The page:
Cybersecurity is a complex field that’s constantly changing to keep up with new technologies. These conditions make it fertile ground for misinformation that can lead to poor security practices. It’s National Cybersecurity Awareness Month, so it’s the perfect time to dispel a few common cybersecurity myths.
Myth: Cyberattacks Always Come from External Sources
Organizations certainly need to protect themselves from external attackers, such as sophisticated cyber gangs or foreign nation states. However, the risk from an organization’s own staff, who often already have access to sensitive resources, may be even greater. These insider threats could be malicious acts from disgruntled employees but are often simply accidents resulting from ignorance or carelessness.
To protect against threats from within, organizations should implement effective access control policies, such as least-privileged access and disabling dormant accounts, monitor user behavior and invest in cybersecurity awareness training.
Myth: Defending the Network Perimeter is Enough
Another misconception built on the myth that all threats come from outside is that defending the network perimeter is sufficient to protect your organization. With the growing prevalence of cloud computing and the widespread shift to remote workforces accessing the network via VPNs, the network perimeter is becoming impossible to secure. Traditional perimeter defenses, such as firewalls and antivirus software, are no longer enough. Increasingly, organizations are turning to defense-in-depth strategies, such as zero trust, to adapt to these changes.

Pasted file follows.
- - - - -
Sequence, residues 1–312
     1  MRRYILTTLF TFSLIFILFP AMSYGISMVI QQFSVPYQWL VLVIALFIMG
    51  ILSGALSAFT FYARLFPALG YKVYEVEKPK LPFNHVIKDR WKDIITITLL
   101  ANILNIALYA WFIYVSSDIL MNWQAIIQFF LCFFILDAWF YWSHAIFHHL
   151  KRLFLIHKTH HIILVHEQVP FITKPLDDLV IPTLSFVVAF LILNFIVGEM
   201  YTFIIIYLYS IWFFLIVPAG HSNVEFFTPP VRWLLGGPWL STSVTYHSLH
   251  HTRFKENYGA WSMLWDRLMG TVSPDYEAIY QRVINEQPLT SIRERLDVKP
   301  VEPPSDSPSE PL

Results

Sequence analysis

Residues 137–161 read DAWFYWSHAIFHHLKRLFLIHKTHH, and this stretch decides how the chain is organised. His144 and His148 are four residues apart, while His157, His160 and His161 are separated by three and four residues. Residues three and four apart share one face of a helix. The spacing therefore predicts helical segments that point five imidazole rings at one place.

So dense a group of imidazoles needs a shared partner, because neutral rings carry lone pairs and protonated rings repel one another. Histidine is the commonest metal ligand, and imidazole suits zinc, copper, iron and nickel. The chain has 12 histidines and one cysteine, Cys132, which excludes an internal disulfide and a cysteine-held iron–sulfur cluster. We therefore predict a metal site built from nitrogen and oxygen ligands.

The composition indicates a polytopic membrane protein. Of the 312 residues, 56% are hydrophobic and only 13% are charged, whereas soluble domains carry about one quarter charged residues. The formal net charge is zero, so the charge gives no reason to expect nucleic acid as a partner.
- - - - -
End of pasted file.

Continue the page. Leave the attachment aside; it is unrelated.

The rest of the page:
Myth: Small Organizations Are Rarely Targeted by Cyberattacks
Small companies often believe that cyber criminals are only interested in large enterprises with vast stores of sensitive data. The truth is that small organizations are attractive targets because many cannot afford dedicated security teams or, believing they are unlikely to be attacked, have neglected to implement a cybersecurity program. In fact, a 2019 report showed that 43% of data breach victims were small businesses. To avoid becoming the next victim, small organizations should establish a basic cybersecurity plan by scheduling an independent security audit to evaluate risks, developing cybersecurity policies, and training staff on cyber hygiene.
Myth: Complicated Passwords are Safer
Contrary to what many security teams have been teaching for years, complex password requirements often impede security. When users are forced to remember dozens of passwords with arbitrary numbers and special characters, they often resort writing them down or creating weak passwords like Password1!. Instead NIST recommends using long, simple passwords that are easy to remember.
Sorting Fact From Fiction
Looking for help determining what security practices are outdated or based on misconceptions? MBL Technologies provides a comprehensive array of cybersecurity services, from threat intelligence to training and awareness. We can help ensure that your security practices are current and effective.